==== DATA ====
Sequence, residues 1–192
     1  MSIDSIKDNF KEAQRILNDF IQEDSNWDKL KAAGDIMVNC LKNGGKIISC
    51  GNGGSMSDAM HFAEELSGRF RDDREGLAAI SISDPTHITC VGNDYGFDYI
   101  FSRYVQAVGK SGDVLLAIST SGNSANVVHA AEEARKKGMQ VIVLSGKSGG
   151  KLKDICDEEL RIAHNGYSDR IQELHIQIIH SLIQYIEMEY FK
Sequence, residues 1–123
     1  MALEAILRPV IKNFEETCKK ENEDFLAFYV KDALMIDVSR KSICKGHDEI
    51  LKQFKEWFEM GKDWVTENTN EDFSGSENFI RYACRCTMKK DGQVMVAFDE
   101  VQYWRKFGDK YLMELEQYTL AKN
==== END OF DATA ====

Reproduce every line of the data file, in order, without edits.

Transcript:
Sequence, residues 1–192
     1  MSIDSIKDNF KEAQRILNDF IQEDSNWDKL KAAGDIMVNC LKNGGKIISC
    51  GNGGSMSDAM HFAEELSGRF RDDREGLAAI SISDPTHITC VGNDYGFDYI
   101  FSRYVQAVGK SGDVLLAIST SGNSANVVHA AEEARKKGMQ VIVLSGKSGG
   151  KLKDICDEEL RIAHNGYSDR IQELHIQIIH SLIQYIEMEY FK
Sequence, residues 1–123
     1  MALEAILRPV IKNFEETCKK ENEDFLAFYV KDALMIDVSR KSICKGHDEI
    51  LKQFKEWFEM GKDWVTENTN EDFSGSENFI RYACRCTMKK DGQVMVAFDE
   101  VQYWRKFGDK YLMELEQYTL AKN